Vegetarianism and Animal Ethics in Contemporary Buddhism

1st Edition

James Stewart

Routledge
Published January 22, 2018
Reference - 224 Pages
ISBN 9781138493360 - CAT# K350229
Series: Routledge Studies in Asian Religion and Philosophy

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Summary

Buddhism is widely known to advocate a stance of total pacifism towards all sentient beings, and because of this, it is often thought that Buddhist doctrine would stipulate that non-violent food practices, such as vegetarianism, be mandatory. However, the Pāli source materials do not encourage vegetarianism and most Buddhists do not practice it. Using research based on ethnographic evidence and interviews, this book discusses this issue by presenting an investigation of vegetarianism and animal ethics within a Buddhist cultural domain.

Focusing on Sri Lanka, a place of great historical significance to Buddhism, the book looks at how lay Buddhists and the clergy came to understand the role of vegetarianism and animal ethics in Buddhism. It analyses whether the Buddha preached a view that encouraged vegetarianism, and how this squares with his pacifism towards animals. The book goes on to question how Buddhist food practices intersect with other secular activities such as traditional medicine, as well as discussing the wider implications of Buddhist animal pacifism including vegetarian political movements and animal rights groups.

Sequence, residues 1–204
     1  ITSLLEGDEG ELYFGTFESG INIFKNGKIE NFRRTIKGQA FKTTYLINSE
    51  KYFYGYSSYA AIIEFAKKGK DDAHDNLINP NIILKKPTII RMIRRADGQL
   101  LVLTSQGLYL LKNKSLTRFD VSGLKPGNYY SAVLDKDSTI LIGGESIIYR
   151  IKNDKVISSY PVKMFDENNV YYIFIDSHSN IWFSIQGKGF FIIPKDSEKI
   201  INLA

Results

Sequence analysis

Shedding light on a subject that, until now, has only been tangentially treated by scholars, this interdisciplinary study will be of interest to those working in the fields of Buddhist Studies, Religion and Philosophy, as well as South Asian Studies.

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